“I am glad to continue working alongside Gov. Pritzker and the Illinois Dept. of Public Health to ensure that this state-run testing site, the only one in Chicago, remains operational and located here in Auburn Gresham, one of the parts of the city that has been the hardest hit by the pandemic and home of the first known COVID-19 case and death,” Collins said. “I urge everyone to get the word out about the new location for this site, and I encourage everyone to take the time to get tested.”

The test site will operate from 8 a.m. to 4 p.m. every day of the week except Tuesday.

Collins was a vocal advocate for bringing a state-run, free testing site to the Auburn Gresham area, which opened this past spring – first located at the Studio Movie Grill, then at Foreman Mills and now at the former Save-A-Lot.

All Illinois Dept. of Public Health-operated community-based testing sites like the South Halsted Street location are open to anyone, and those seeking testing need not exhibit symptoms. A complete list of these community-based testing sites can be found on the Illinois Dept. of Public Health website at


001collinsCHICAGO – As COVID-19 cases rise to levels worse than they were during the initial outbreak, State Senator Jacqueline Collins said the Illinois General Assembly’s decision to postpone legislative session is the right one, but lawmakers must not lose sight of efforts to fight systemic racism.

“We must treat this virus seriously,” said Collins (D-Chicago). “While the safe and responsible thing to do now is to postpone meeting, one of our top priorities when we do return should be legislation tackling racism in Illinois.”

Collins led a Senate committee hearing to highlight systemic racism in access to home lending during the fall, part of an ongoing effort by the Illinois Legislative Black Caucus to identify measures that will put Illinois on a course for racial and economic equity. The Black Caucus has focused on reform in the areas of criminal justice and police accountability, education and workforce development, economic access, and health care and human services as its major policy goals.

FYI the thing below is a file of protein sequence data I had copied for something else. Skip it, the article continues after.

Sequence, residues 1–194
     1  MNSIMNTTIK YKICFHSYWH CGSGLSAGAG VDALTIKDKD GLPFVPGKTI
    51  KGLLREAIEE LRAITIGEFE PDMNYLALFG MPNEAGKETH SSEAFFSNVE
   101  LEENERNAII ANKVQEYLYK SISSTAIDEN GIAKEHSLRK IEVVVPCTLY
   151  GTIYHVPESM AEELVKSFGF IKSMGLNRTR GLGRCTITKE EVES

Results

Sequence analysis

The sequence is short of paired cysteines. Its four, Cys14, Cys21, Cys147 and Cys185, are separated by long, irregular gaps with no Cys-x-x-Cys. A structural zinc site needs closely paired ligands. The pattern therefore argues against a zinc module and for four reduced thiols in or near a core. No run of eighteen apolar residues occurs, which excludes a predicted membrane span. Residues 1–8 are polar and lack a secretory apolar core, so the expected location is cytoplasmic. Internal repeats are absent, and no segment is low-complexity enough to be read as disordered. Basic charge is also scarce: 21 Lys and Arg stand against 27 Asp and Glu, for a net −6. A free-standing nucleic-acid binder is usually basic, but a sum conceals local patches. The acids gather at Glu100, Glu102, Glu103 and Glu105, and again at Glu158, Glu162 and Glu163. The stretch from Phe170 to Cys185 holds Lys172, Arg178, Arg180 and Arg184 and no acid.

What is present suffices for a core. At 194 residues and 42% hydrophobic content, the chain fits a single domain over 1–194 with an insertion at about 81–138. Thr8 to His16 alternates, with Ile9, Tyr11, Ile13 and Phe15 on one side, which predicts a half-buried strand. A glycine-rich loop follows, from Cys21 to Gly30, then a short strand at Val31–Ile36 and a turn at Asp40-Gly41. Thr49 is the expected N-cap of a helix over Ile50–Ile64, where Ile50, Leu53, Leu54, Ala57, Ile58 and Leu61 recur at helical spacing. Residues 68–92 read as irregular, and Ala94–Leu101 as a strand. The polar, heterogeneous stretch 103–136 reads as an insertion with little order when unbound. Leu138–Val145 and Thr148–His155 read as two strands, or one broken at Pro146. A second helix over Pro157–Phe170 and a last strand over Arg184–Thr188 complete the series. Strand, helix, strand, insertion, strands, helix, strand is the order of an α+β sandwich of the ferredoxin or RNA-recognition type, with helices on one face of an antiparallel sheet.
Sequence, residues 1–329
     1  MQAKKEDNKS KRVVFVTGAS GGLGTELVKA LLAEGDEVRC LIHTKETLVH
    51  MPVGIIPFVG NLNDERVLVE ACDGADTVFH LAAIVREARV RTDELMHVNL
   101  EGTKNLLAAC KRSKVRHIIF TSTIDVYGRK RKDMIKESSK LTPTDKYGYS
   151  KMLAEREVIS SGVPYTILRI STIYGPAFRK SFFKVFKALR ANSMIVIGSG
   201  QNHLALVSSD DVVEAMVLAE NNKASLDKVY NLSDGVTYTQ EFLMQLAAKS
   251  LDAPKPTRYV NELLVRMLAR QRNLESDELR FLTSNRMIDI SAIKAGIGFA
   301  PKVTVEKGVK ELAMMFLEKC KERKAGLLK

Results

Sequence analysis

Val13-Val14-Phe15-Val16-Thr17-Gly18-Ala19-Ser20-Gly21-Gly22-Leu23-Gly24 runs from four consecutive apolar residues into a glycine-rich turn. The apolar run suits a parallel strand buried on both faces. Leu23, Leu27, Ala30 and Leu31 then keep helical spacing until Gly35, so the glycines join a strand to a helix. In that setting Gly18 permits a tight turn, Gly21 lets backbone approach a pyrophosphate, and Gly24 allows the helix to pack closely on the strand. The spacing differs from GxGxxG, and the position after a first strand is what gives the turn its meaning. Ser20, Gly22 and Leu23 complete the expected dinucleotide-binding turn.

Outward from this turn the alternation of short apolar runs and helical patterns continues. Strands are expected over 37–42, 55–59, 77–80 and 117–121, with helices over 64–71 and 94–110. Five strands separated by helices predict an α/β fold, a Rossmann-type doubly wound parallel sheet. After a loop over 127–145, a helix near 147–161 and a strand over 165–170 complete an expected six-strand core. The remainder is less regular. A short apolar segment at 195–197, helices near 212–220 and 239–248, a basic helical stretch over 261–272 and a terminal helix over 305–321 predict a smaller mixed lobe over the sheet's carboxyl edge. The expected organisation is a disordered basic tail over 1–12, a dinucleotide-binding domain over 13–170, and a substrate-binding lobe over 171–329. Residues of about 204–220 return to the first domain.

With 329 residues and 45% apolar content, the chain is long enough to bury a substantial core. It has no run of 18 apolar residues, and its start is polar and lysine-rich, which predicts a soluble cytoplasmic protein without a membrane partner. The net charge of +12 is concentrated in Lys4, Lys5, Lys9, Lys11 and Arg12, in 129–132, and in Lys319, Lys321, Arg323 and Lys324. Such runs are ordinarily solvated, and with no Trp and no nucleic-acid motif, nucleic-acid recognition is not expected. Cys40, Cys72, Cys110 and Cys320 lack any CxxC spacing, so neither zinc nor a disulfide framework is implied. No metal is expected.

Since September, the Senate has hosted subject matter hearings on these four policy pillars in an effort to provide legislators and the public with a deeper look into the Black experience in Illinois. The hearings, which are set to wrap up this week, have served as an opportunity to gather facts and recommendations to help the Black Caucus formulate a specific legislative agenda for when the General Assembly next convenes.

“When race is still the greatest predictor of whether someone gets a home loan, whether someone can cash a paycheck at a bank, whether they die by police or from the coronavirus, then we are forced to reckon with the sobering truth that our systems are racist,” Collins said. “I believe more Illinoisans than ever are grappling with this truth, and I urge them to make their voices heard to all their representatives in government as we await the next legislative session.”

The General Assembly is expected to convene prior to the spring session.